First thing this morning, Joey and I were going to the zoo today with my friend Ida and her new adopted daughter, but Ida called at the last minute to cancel. Poor Joey had to get out of bed at 8 a.m. for no reason--if it had been up to me we would have left a lot later, and I would have cleaned the house this morning!
However, I still had to run some errands, and Joey still needed a book from the library. So we decided just to go downtown and get the book and come back.
"What time will we be home?" Joey asked me.
"What time do you want to be home?"
"Why?" I asked him, expecting to hear he was going to play with his friends.
"I want to work on my report."
Just when I was getting all excited over this amazing display of initiative, he said, "I want my game back." He got a new Nintendo game for Christmas and his mom has taken it away until he gets all his vacation homework done. Go Mom!
So off we went to the library. We got off the bus at the shopping center by Ashland and the river so I could drop off some dry cleaning and get money at the Dominick's. "What is dry cleaning?" Joey asked me.
"It's a cleaning process that uses a lot of chemicals," I told him. "Some kinds of fancy clothes can't be washed in plain water, so they are cleaned this way."
When I walked us to Archer and made to cross the street rather than wait at the bus stop, Joey looked surprised. "Are we taking the train?"
"We sure are," I said.
"I never took the train before." (He's been on the bus, but mostly he rides around in his folks' minivan.)
"Well, we'll go in the first car so you can look out the way the driver does. It's fun."
It was fun. Another train came the opposite way between Ashland and Halsted. "What if it hit us?" Joey asked.
"I don't think they've had too many head-on crashes," I said.
He liked looking at the police headquarters building. We got off at the Library stop and I took us to the post office and Radio Shack before we went to Harold Washington. As we were leaving the post office, going south on Dearborn, Joey noticed a statue on a skyscraper that I'd never seen before. It was a stature that looked like Mary with the infant Jesus on a building I think on Jackson west of Clark. Anybody know what that is?
Joey didn't have any written instructions about this report--whether because he wasn't given any or because he lost them, I don't know. At first I thought it could be any book, so we were trying to track down something on the Great Wall of China, but then he looked up and said:
"I think my teacher said something about it had to be fiction. That's when it's not true, right?"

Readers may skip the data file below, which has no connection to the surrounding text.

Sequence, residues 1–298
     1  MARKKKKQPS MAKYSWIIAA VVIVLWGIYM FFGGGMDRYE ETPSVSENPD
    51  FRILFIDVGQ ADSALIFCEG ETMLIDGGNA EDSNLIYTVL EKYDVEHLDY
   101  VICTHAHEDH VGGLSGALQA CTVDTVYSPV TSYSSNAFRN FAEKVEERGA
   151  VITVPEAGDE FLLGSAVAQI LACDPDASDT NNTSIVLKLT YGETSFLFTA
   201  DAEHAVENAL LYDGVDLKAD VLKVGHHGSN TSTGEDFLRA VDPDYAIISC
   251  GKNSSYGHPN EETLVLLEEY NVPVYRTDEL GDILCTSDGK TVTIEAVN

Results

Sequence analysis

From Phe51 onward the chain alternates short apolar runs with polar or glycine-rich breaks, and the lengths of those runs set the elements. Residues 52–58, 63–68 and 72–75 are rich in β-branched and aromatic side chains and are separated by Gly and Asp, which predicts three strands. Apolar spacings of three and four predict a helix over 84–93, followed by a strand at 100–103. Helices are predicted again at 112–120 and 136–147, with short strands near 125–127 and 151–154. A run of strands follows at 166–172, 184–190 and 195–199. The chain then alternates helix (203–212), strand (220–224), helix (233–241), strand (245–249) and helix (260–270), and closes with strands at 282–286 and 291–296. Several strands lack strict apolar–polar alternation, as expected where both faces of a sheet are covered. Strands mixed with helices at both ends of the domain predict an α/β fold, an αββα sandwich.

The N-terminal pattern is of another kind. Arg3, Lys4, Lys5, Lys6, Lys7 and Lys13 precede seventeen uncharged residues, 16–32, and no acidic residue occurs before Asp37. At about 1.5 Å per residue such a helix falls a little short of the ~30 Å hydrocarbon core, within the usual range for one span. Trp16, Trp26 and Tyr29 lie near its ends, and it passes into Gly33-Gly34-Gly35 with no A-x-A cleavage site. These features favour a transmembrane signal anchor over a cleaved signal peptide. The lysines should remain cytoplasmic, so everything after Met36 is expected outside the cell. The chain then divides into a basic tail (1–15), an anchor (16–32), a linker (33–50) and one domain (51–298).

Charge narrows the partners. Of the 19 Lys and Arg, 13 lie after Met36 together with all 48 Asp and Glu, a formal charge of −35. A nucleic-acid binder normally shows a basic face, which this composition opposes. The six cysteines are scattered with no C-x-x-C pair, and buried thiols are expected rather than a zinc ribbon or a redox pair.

Yes, indeed, that's when it's not true. So we crossed to the opposite set of stacks in the Thomas Hughes Children's Library, and found the Goosebumps section. Joey picked out one with some scary zombie-like monsters on the cover, dripping mud and snarling.
Then we went to the McDonald's on State Street and he had a Big Mac because yesterday when I thought we were going to the zoo I had said yes he could go to McDonald's for lunch. So I kept my word, even though it was only 11. "I'm full," he said afterwards.
"I'll bet," I said. His mom had made him bacon and pancakes for breakfast, he told me.
When we came home I tried an experiment. I read him the first few chapters and asked a few comprehension questions as we went along. He got most of them and he was cheerfully predicting away--R.L. Stine puts little cliffhangers at the end of every chapter, making it very easy to ask, "What do you think will happen next?"
Then I let him read on his own. "Can I read like this?" he asked, indicating reading aloud under his breath.
"Yes," I said. I don't know what expert opinion is on this, but he clearly needs to do something to help himself decode.
"My dad doesn't let me do that," Joey said. (Dad may be on to something, but I just don't know.)
I went and got myself lunch--I just had some fries and Coke at McDonald's, since I'm in the New Year's phase of trying to whittle my waist and fatten my wallet.
About 20 minutes later, when I came back, Joey had read less than two pages. "So what happened in the story?" I asked him.
He told me the kids were going to do something about making a face to scare the girl they didn't like. (This was inaccurate--they were arguing about putting a rubber snake in her lunch. He seemed to have no clue about the snake.) We talked a little more, and it was clear he had stuck on a phrase where one of the kids had made a face and turned that into a bigger deal than it was.
So I made an executive decision and read him half of the book today. Shoot me, but there was no way in hell he was going to read that book and understand it. His attention was fine--he held up for about two and half hours with just a few short diversions and one bathroom break. I told him to go home and write down what he remembers about the story so far and to draw pictures of some of the main characters. (I don't know what he has to do for this report, but that ought to help him get started.) And I called San Miguel the minute he left. We can go over and visit anytime, they said.
During one of our short conversational diversions, we talked about school. I pointed out the difference between how much he understood when I read to him and how much he was struggling to read the book on his own. "Somebody has to teach you how to read, and I don't know how to do it," I said.
"They can teach me at Chavez," he said stoutly.
(They haven't so far, kid, and you're ten years old, I thought to myself.) "Joey, how many students are in your class?"
"At San Miguel they have 15 students for each teacher, so that teacher is going to have twice as much time for you," I said.
I'm going over now to talk to his mom about visiting on Friday.
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